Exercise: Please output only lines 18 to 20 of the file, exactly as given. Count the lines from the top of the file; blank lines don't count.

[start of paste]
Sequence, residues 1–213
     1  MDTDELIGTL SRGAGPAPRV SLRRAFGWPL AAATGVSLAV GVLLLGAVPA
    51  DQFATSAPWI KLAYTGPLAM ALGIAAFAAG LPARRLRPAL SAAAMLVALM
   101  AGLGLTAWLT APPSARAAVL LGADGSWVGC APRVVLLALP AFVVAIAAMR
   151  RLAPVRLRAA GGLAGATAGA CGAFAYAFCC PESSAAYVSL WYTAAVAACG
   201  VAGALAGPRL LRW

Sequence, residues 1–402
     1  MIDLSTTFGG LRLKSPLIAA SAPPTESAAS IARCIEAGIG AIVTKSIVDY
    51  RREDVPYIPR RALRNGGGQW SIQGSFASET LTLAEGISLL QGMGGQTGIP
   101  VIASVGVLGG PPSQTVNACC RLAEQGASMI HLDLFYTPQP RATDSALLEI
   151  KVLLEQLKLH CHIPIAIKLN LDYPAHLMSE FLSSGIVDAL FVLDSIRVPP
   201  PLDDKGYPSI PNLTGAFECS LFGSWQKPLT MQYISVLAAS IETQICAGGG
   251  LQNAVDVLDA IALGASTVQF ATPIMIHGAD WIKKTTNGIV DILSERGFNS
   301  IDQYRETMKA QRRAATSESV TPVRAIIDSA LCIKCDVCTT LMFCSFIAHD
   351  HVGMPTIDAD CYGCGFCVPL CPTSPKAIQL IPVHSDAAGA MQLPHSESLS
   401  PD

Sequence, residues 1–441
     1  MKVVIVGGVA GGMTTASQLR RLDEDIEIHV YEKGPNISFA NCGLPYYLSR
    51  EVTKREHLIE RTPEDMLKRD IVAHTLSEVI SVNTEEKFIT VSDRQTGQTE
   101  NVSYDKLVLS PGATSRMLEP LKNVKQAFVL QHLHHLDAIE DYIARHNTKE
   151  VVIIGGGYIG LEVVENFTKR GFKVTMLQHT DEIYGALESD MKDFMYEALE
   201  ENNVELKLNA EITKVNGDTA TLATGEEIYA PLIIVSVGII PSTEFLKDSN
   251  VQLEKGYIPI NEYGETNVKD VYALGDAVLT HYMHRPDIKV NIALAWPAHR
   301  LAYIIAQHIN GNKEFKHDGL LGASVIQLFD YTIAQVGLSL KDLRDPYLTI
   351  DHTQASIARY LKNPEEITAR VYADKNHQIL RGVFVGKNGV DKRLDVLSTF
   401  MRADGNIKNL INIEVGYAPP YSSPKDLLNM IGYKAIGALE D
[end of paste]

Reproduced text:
     1  MKVVIVGGVA GGMTTASQLR RLDEDIEIHV YEKGPNISFA NCGLPYYLSR
    51  EVTKREHLIE RTPEDMLKRD IVAHTLSEVI SVNTEEKFIT VSDRQTGQTE
   101  NVSYDKLVLS PGATSRMLEP LKNVKQAFVL QHLHHLDAIE DYIARHNTKE